Friday, February 24, 2006

Jackson: The Drive for Regionalism

In Frank Jackson's State of the City address yesterday, he laid out Cleveland's vision in taking the first steps towards greater regional cooperation. I'm encouraged by Jackson who is not putting the cart before the horse or looking to quick fix solutions like casinos and Wal Marts as a means of solving the city's woes. Cleveland needs to fix the nuts and bolts before we will ever be able to move forward and I think Jackson, who seems unimpressed with the glamour of the mayor's office, could be just the man to do it.

The question is, do other regional leaders agree? I'm encouraged by quotes in the above story by area mayors Judy Rawson of Shaker Heights and Dan DiPiero of Parma in wanting to explore tax sharing plans. What will be more telling however, is what will be response from the outer-ring suburbs? They have been the prime beneficiaries of business-poaching and tax abatements, will they see the benefit of a healthy NE Ohio region?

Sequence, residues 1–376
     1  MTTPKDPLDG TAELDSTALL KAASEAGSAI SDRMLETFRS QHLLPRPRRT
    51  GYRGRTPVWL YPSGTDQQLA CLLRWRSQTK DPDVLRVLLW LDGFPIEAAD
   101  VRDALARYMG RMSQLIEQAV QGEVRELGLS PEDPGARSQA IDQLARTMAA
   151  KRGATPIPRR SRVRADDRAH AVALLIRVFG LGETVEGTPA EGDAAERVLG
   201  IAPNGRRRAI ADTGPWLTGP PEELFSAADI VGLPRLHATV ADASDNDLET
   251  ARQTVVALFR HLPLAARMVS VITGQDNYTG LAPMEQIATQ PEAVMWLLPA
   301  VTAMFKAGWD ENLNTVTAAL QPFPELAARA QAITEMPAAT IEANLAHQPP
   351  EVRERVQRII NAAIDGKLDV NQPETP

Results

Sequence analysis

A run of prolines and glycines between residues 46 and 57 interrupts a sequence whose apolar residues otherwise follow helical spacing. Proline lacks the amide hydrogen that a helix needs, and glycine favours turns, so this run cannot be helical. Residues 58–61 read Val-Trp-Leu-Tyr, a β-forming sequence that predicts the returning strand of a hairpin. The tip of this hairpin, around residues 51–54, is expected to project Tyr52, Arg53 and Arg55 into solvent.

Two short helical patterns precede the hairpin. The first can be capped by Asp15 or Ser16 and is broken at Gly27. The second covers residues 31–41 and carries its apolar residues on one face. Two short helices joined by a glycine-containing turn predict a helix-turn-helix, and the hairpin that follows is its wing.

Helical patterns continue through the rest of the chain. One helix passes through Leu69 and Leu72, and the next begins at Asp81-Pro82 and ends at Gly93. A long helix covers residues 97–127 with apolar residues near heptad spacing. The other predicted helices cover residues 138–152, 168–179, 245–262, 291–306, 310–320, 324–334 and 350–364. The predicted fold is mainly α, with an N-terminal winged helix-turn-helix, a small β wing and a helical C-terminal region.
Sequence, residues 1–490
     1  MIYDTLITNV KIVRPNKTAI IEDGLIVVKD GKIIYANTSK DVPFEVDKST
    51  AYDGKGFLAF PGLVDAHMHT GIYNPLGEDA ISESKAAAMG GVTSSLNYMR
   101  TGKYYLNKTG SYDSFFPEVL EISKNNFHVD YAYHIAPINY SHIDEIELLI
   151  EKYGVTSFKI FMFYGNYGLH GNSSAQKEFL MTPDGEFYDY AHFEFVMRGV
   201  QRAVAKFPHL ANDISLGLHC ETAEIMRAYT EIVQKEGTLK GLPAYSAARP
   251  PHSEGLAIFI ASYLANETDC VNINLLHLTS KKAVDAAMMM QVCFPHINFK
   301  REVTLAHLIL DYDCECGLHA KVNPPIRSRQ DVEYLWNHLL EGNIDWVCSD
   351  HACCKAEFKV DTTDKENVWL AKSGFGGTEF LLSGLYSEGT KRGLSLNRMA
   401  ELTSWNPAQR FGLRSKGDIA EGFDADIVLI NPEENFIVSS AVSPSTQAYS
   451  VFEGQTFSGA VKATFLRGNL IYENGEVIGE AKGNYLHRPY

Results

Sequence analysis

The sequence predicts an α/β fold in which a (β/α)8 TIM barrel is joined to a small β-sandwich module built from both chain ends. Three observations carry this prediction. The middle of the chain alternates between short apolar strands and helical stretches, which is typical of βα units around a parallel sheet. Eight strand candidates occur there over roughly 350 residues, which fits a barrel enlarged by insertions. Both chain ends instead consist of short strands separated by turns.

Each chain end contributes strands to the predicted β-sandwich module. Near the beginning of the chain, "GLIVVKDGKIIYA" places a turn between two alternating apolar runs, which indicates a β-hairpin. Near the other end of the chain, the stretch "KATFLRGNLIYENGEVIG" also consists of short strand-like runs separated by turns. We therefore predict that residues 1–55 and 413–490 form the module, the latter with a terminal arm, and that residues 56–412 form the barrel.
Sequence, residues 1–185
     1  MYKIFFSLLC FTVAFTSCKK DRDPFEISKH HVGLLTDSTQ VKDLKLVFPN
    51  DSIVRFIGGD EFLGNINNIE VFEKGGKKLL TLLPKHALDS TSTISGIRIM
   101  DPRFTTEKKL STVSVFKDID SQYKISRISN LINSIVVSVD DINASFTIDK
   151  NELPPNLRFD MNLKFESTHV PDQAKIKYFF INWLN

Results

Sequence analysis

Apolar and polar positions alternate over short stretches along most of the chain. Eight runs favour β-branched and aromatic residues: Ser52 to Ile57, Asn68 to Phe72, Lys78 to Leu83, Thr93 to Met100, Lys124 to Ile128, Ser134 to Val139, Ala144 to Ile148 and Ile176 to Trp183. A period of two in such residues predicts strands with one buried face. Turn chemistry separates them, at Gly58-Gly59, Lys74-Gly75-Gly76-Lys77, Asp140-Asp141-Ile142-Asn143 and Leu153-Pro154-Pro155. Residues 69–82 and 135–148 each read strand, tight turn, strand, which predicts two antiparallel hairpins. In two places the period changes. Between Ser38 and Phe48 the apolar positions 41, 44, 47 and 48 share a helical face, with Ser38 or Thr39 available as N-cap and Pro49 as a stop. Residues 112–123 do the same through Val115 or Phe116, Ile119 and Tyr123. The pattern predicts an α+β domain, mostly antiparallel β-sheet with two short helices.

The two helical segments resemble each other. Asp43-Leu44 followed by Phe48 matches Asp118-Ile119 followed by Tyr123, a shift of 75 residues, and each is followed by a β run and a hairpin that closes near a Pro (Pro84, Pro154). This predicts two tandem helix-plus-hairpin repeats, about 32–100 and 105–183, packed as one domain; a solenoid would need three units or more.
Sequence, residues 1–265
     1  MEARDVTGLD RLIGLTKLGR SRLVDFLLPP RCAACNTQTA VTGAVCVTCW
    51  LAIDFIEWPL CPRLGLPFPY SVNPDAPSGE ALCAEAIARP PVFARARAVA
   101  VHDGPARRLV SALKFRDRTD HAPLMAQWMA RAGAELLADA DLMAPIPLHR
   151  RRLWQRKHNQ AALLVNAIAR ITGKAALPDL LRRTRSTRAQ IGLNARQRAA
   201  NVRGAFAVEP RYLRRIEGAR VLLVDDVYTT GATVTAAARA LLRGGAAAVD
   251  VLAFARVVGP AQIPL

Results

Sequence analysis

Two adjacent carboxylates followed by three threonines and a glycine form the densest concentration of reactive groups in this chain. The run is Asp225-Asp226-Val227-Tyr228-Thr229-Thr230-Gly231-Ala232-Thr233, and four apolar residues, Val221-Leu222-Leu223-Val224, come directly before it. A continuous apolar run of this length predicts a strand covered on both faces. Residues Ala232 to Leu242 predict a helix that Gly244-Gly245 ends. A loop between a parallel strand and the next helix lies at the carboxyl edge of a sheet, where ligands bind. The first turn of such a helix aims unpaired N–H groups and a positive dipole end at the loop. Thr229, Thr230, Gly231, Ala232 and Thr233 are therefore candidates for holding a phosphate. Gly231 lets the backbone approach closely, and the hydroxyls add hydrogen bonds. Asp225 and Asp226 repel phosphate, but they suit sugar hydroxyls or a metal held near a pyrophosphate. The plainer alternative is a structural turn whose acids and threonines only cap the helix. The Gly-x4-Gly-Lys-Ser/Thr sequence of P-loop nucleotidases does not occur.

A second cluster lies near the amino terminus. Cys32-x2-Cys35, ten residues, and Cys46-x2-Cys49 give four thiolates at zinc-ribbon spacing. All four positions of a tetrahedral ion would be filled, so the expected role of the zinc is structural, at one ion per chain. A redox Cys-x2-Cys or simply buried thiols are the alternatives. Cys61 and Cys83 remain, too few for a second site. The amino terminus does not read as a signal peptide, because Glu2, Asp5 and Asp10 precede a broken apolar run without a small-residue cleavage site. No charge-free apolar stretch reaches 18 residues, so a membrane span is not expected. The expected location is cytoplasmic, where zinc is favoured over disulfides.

As an aside: I like Bill Callahan's idea to move the address away from the City Club and into the neighborhoods.

Wednesday, February 22, 2006

ODOT: Trust Us

Michael Gill has an excellent piece in this week's Cleveland Free Times concerning the Cleveland Inner Belt reconstruction project. Few people would argue with the need to reconstruct this important stretch of highway, which serves as the epicenter of travel in and out of downtown Cleveland from all directions (except the soon to be downgraded West Shoreway). Between Dead Man's Curve, a crumbling bridge and some of the most treacherous ramps in the country, the Inner Belt is long overdue for a facelift. So considering the importance of this project, you'd have expected ODOT to have done their homework. Ummmm, no. It turns out that when ODOT builds a road, they aren't in the habit of doing an economic impact study. Ever. And after 3 years of this project, they still haven't completed one: